A Few Reflections to Close the Year of COVID-19
“It was undoubtedly the feeling of exile—that sensation of a void within which never left us, that irrational longing to hark back to the past or else to speed up the march of time, and those keen shafts of memory that stung like fire.”
Albert Camus (1957 Nobel Prize Laureate for Literature). The Plague. Vintage, 1991.
As we approach the end of 2020, perhaps a few reflections are warranted on a period unlike any other in our global collective memory. While the ceaseless movement of time, manifested in the passing of days and months, is mostly an unconscious fact in our lives, only made visible by calendars, birthdays, and other celebrations, during this year it was different. The sameness of the days, with their now well-established routines, fears, frustrations, rebellions, and hopes, superseded our recent past by firmly imposing a very tangible present that continues to entrap us.
COVID-19 in the historical context of public health crises
Since the beginning of March, when the “Great Lockdown” gradually extended its tentacles across the world, as an initial response to the exponential spread of a novel coronavirus, SARS-CoV-2, few may have thought that come December we were going to still be ensconced as if in a state of siege. Indeed, this overwhelming reality has separated us from our loved ones, friends, and coworkers, and has imposed rigid norms that have forced us to alter and adapt our behaviors and routines to strict social distancing.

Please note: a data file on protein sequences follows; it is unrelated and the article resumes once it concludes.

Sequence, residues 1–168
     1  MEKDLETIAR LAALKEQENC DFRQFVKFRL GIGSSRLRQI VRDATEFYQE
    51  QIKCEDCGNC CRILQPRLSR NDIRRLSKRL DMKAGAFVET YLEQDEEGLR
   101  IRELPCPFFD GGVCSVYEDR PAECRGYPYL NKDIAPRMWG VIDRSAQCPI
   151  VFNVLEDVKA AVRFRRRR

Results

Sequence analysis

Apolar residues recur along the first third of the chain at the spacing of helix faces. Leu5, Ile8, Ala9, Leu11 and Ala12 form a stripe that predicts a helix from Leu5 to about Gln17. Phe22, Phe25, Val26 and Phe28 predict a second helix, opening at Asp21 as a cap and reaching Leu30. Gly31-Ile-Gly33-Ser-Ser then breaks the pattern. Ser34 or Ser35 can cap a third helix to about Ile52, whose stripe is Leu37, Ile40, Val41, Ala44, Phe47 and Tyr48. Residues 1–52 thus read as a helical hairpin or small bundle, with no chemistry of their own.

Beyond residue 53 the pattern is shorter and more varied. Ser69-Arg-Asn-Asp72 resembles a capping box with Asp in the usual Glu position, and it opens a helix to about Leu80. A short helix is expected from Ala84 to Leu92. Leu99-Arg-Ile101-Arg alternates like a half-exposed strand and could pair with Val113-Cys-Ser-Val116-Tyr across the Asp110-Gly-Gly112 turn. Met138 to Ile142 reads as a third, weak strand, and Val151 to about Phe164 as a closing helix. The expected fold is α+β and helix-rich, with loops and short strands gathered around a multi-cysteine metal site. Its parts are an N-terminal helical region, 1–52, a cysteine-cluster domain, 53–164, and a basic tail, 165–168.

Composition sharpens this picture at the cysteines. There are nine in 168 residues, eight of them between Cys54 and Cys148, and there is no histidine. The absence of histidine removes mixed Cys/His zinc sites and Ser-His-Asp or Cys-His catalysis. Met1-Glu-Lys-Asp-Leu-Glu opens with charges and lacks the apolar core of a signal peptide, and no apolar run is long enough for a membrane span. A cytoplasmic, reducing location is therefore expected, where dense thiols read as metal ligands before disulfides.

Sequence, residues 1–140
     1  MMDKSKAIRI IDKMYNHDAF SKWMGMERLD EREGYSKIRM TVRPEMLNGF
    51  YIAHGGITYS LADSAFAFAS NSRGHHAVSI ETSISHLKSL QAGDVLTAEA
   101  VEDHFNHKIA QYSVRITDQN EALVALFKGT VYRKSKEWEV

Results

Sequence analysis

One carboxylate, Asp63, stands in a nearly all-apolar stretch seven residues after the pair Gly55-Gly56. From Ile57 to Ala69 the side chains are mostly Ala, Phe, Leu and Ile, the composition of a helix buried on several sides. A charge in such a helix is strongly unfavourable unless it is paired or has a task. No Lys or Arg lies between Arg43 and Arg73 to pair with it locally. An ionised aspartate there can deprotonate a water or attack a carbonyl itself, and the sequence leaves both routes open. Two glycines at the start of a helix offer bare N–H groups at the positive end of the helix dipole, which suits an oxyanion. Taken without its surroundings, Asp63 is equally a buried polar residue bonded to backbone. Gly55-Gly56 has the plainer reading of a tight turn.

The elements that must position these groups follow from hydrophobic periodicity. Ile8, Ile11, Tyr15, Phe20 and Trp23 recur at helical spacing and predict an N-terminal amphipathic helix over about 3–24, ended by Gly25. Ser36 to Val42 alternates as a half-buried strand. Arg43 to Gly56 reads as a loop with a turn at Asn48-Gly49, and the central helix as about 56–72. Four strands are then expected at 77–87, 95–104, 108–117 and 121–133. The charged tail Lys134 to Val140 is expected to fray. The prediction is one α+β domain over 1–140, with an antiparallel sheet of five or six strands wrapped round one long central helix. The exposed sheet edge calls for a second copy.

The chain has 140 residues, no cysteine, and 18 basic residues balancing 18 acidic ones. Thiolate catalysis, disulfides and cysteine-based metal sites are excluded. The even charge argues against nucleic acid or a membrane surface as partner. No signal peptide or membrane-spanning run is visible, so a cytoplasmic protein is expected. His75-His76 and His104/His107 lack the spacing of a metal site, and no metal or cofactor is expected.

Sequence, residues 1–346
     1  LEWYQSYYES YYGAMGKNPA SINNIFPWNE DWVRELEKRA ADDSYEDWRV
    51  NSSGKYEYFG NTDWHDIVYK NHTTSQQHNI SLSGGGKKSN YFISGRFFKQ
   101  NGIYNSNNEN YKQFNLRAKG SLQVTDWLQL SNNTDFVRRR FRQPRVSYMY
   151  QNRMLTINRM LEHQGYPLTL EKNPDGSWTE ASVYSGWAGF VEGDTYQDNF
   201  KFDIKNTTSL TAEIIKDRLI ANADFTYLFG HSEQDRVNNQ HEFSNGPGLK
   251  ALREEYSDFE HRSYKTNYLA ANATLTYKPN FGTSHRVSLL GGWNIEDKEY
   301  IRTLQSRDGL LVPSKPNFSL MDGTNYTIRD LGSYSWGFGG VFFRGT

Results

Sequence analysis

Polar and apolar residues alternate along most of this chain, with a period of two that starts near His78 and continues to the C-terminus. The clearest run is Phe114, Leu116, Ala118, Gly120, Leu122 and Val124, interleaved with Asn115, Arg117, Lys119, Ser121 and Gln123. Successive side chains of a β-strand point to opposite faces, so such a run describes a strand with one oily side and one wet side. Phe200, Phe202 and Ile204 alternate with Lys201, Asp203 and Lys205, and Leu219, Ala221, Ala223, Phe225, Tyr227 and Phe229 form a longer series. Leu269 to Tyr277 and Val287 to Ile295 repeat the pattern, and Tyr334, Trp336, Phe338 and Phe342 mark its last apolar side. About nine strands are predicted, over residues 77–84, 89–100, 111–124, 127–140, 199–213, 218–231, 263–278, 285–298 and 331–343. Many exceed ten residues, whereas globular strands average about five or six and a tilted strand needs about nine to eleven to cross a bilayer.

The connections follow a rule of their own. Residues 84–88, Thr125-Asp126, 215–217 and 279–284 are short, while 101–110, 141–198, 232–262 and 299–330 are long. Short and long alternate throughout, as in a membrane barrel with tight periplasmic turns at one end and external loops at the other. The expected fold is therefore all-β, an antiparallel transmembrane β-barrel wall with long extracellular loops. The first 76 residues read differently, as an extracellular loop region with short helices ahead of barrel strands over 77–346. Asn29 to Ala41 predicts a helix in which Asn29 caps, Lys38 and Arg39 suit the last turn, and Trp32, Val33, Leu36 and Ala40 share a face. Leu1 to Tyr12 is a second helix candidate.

But paradoxical, our COVID-19 norms are not so different from the isolation and confinement measures followed in Europe to control infectious disease outbreaks in the Middle Ages. Or that beginning in 1519, were also used in parts of my native region, Latin America and the Caribbean, in accordance with the 1423 Venetian quarantine control system, to detain ships and isolate their crews and passengers outside harbors until sufficient time had elapsed without the outbreak of “pestilences.”
The onslaught of COVID-19 has been relentless worldwide, with a growing accumulated damage painfully measured as of today with close to 80 million infected people – and about 1.7 million premature deaths (not counting the excess mortality due to other conditions), and millions of people unemployed or underemployed that has resulted from the disintegration and slowdown of economic activity, trade, and the flow of people and capital across countries.
Exposing inequalities – and an opportunity for renewal
This catastrophe has exposed and brought to the fore with great clarity the manifestations and impact of glaring, pre-existing inequalities in our societies, where minorities and others at the bottom of the economic ladder, the frail and the sicker, have been hit hardest, while the well-off, although still at risk and working from home, have been able to resist better.